Everyone learns during a visit to a museum, including the professionals who are employed at museums around the world. A museum professional, or any professional for that matter, who does not take time to learn is inevitably trapped in time. I don’t mean to make this sound like an episode in a science fiction show, but to move forward in telling stories of the past, we really must look to the future. We must remember that everyone learns during a visit to a museum.
The amount of learning that occurs at any time by any one visitor varies greatly—and I include myself in this statement. Last month my colleague George Miller and I had a definite purpose for our visit to the Natural History Museum of Utah (NHMU) in Salt Lake City. Not surprisingly, we wanted to learn. And learn…and learn…and learn. Our trip was a jam-packed two days that entailed gleaning as much information as possible from the museum and the staff who took time out of their busy schedules to meet with us.
Everyone Learns During a Visit to a Museum: The Purpose
We were so determined to learn from our trip that we proposed the following ideas to receive research funds that would ultimately make this trip possible.
The purpose of this research is to investigate the methods and best practices the NHMU employs in their interpretive education endeavors. Particular emphasis of this visit will include exploration of the following:
- Exhibit and online interpretation using multimedia and mapping programs to provide seamless interface between the two
- Strategies in presenting stories of Native Americans through online avenues
- Evaluation of student/teacher resources as well as on-site and outreach experiences
- Discussion with NHMU’s education staff regarding outreach education, web/interactive initiatives, and school services
Everyone Learns During a Visit to a Museum: The Visit
Armed with these goals, George and I arrived to Salt Lake City on a Wednesday afternoon and spent the rest of the day and part of the evening exploring the NHMU as not just museum professionals, but also as visitors. We were quickly enveloped in the museum’s story, often exclaiming, “Look at how fun this is!”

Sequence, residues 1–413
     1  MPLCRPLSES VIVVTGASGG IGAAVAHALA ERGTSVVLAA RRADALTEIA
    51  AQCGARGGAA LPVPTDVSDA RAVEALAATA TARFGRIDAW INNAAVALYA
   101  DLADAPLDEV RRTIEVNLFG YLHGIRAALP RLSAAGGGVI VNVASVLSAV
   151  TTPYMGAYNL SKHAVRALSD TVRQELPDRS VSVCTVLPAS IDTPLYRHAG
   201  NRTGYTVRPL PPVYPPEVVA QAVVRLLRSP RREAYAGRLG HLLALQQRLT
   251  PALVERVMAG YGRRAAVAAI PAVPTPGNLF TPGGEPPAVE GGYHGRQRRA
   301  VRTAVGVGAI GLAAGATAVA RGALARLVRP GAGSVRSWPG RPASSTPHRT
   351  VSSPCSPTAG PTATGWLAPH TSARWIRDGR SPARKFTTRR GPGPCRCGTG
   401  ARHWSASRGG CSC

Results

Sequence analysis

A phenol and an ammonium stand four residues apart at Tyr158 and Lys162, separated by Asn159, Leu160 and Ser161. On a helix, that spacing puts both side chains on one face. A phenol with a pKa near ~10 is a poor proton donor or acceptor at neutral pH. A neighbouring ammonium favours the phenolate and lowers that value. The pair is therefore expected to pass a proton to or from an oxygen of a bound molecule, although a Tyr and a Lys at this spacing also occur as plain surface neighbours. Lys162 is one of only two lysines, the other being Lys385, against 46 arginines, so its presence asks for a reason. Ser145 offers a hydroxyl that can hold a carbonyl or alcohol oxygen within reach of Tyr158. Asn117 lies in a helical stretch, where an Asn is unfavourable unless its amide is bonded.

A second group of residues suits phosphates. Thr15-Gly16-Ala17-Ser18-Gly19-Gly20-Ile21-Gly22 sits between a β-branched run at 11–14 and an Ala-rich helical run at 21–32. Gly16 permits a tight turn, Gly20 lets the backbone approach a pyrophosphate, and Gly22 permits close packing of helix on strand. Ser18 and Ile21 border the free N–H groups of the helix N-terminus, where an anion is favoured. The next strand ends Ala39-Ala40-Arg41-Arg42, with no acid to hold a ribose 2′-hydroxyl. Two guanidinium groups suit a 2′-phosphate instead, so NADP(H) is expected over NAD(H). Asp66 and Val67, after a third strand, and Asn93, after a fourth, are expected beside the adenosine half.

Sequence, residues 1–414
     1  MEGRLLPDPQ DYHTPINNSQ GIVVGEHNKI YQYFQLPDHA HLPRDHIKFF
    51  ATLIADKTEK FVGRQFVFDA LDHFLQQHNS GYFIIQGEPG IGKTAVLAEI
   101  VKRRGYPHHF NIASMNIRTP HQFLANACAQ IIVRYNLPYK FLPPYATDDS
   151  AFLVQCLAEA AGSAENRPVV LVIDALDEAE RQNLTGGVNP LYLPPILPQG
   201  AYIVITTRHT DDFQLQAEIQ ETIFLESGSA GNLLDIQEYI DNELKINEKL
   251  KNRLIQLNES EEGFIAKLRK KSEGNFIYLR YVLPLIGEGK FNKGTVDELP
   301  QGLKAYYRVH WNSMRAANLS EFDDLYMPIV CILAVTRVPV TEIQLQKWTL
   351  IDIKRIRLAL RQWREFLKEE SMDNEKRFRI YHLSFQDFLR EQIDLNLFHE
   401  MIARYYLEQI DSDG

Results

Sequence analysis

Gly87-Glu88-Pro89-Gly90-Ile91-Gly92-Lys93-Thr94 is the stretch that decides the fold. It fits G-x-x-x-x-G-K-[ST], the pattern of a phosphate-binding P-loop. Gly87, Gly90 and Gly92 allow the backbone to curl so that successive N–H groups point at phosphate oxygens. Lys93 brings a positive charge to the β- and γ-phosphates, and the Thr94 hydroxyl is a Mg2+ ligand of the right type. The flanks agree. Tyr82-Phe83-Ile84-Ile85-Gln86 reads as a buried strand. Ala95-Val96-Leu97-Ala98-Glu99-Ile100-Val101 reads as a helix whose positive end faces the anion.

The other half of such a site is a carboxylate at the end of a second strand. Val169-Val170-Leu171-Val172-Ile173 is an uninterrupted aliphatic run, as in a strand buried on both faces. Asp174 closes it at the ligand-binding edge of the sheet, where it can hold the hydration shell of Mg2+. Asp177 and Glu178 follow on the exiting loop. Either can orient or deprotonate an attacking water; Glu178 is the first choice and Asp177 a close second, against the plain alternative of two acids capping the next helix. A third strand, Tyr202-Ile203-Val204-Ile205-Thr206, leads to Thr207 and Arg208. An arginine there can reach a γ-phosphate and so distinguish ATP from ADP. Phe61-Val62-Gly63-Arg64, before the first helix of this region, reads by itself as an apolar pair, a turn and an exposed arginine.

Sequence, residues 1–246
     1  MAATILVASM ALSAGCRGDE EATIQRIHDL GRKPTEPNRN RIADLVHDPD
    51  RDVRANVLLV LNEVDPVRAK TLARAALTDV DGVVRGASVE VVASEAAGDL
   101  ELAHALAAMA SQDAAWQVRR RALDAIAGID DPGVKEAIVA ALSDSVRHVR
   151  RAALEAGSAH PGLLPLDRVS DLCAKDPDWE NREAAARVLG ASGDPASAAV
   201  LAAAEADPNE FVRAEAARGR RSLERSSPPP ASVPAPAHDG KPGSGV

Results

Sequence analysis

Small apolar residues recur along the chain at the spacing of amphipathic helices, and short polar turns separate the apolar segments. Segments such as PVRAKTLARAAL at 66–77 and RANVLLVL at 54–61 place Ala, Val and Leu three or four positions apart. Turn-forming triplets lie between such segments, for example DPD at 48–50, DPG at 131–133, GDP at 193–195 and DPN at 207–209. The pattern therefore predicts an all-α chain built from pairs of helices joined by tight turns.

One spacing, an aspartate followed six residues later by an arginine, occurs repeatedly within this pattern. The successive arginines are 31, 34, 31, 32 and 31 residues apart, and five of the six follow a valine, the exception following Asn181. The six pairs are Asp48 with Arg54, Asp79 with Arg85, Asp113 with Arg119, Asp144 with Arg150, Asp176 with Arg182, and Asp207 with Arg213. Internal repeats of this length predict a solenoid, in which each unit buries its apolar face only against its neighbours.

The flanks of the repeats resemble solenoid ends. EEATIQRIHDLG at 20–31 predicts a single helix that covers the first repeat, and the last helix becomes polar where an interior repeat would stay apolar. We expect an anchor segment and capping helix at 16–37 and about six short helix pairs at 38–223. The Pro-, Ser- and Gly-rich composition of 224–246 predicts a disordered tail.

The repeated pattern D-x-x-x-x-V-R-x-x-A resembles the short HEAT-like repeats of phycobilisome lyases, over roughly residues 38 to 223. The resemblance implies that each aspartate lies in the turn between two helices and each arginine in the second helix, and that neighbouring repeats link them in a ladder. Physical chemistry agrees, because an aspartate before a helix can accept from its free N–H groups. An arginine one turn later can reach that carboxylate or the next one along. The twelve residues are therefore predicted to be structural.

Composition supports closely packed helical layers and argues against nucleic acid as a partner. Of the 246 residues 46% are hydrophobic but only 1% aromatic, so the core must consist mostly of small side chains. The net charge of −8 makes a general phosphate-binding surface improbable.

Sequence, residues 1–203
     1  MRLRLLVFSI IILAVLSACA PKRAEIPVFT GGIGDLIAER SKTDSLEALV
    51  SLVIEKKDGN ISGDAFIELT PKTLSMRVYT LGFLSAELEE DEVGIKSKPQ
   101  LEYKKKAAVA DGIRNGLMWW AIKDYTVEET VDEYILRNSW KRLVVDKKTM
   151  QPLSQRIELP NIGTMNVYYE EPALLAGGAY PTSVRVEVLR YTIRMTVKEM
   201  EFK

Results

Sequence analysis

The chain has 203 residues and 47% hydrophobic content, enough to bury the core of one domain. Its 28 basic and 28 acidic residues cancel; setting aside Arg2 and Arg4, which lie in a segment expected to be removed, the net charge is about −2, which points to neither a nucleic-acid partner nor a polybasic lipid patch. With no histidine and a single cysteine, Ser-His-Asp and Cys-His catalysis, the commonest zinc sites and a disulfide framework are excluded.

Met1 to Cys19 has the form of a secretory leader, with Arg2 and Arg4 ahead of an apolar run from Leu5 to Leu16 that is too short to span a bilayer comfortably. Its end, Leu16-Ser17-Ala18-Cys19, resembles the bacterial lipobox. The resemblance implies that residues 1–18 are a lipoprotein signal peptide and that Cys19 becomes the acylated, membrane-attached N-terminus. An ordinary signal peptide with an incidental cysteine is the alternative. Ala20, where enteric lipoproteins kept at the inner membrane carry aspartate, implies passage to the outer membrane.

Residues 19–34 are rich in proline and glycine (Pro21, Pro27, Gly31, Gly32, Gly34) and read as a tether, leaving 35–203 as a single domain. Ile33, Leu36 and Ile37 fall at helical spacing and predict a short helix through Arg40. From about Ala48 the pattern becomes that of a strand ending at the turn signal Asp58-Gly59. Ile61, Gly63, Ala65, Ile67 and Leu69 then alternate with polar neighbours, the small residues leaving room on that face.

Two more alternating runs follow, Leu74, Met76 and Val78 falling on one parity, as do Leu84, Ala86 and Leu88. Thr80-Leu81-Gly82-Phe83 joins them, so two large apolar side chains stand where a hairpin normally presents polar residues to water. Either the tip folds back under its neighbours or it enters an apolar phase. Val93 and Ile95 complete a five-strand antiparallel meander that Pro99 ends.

We sat at a dinner table of prehistoric animals and manipulated the meals of a dire wolf and wooly mammoth. When we guessed correctly, we heard the sound of the predator in question. We also walked on top of replicated dinosaur dig sites, searched for fossilized dinosaur skin, and tried to piece together the skull bones of a carnivorous dinosaur. As we traveled through the land of the dinosaurs, with skeletal replicas nearly within arms’ reach, we entered into a gallery dedicated to native peoples. We were in awe of a pair of sandals thousands of years old, and we even tried our hand at reassembling pottery duplicated from archeological finds. I could go on and on about what we did, but I think I will leave it a bit to your imagination. Suffice it to say, we were museum professionals having fun just being museum visitors.
Our second day at the museum was much more serious. We absorbed everything we experienced as visitors, put on our professional hats and set out to meet the head of the IT department and the director of school services. Both were gracious in their time and their willingness to share. We learned the ins and outs of various high-tech and low-tech interactives on Thursday morning. That afternoon we sat on the museum’s verandah and shared experiences and methods to meet the needs of students and teachers through on-site field trips, as well as outreach programs.
Everyone Learns During a Visit to a Museum: The Outcome
George and I came away with several impressions.
- We have so much to learn about the future of museums and employing the best avenues to engage our audiences.
- Museums often share the same triumphs and struggles, whether they are in urban Salt Lake City, Utah, or rural Cody, Wyoming.
- Learning from museum colleagues opens doors to new approaches and ideas that can bring healthy change and challenges.
- What works for one museum may not always work for another museum. And there is nothing wrong with that.
More than a month later, as we process our short trip to the NHMU, we believe we addressed each of our goals. What happens next is up to us. How can we take everything we learned and see relevance in what the Buffalo Bill Center of the West currently does, and in what it could do in the near future? Only time will tell how we can continue to live by the motto: Everyone learns during a visit to a museum!